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Posts tagged ‘standards’

SHEG lessons & assessments aligned by grade and standards

Many of you are already aware of the Stanford History Education Group’s fantastic resources called Reading Like a Historian and Beyond the Bubble. If you’re not, you need to be.

Using his own ideas and research on what historical thinking looks like, Sam Wineburg and his staff created some incredibly useful lessons and assessments and started giving them away for free. Good stuff.

Each lesson starts with a compelling question, provides primary evidence, and asks students to use historical thinking skills to solve the problem. This sort of work is exactly what our state standards and what the National Council for the Social Studies encourages.

As more teachers are using the tools, one thing they’re asking is how the SHEG lessons and assessments fit into specific grade levels and Common Core literacy levels.

And now thanks to the Los Angeles school district, your wish has come true. Read more

300 sample compelling questions for the social studies

I had the chance last week to spend a very fun afternoon with an energetic group of elementary teachers. I always enjoy chatting with K-6 folks. (I just don’t know how they get up every morning and keep going back. Because, seriously . . . grade school kids freak me out. They smell funny, they always seem to be sticky for some reason, and they throw up at the most awkward moments. So God bless anyone willing to spend all day, every day with anybody under the age of 12.) Part of our conversation centered around planning different units in a year long scope and sequence at various grade levels. And some of the discussion revolved around possible essential / compelling questions that might anchor each of those units. I don’t get the chance to have these kinds of discussions with K-6 people much – when I do, it’s always a good time. Once they start rolling, it’s hard to get them to slow down. We started with the basics:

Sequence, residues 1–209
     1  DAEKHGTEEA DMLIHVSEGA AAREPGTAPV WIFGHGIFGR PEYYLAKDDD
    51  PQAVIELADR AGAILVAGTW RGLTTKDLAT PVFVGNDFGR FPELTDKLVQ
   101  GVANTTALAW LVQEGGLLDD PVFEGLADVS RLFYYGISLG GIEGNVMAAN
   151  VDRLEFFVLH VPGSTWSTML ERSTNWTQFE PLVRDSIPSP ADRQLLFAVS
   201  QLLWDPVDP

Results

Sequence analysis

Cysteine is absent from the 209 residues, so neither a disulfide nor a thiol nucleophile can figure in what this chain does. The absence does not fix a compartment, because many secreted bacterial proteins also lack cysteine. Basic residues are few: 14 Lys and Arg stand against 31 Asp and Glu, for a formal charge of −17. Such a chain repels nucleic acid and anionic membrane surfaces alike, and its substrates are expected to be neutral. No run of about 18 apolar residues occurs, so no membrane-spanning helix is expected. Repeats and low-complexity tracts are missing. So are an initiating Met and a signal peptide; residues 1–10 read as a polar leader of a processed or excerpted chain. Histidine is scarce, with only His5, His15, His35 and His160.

What does a good compelling question look like?

And quickly moved on to the one that they really wanted to know:

Where can we find some already created?

Just a reminder. This is not just K-6. Compelling questions are something all of us need to be incorporating into unit and lesson designs. So . . . what do they look like? A great place to start is with the College, Career, and Civic Life document from the National Council for the Social Studies. The document does a great job of articulating the importance of a robust compelling question: Read more

Tip of the Week: History, Government, & Social Studies Skills by Grade and Discipline

When I sit back and think about the changes in social studies instruction and learning that have happened here in Kansas over the last few years, I’m always a wee bit amazed. Good teachers across the state have always asked kids to read and write and use evidence and think historically. But up until two or three years ago, the focus for many had been on simply having kids collect and memorize historical data.

The conversation is changing. Teachers and administrators are now talking more about the process of social studies rather than just the data. Teachers are looking at and using Sam Wineburg’s stuff over at SHEG. They’re using more literacy activities, more fiction and non-fiction, and generally having better discussions about what quality social studies looks like.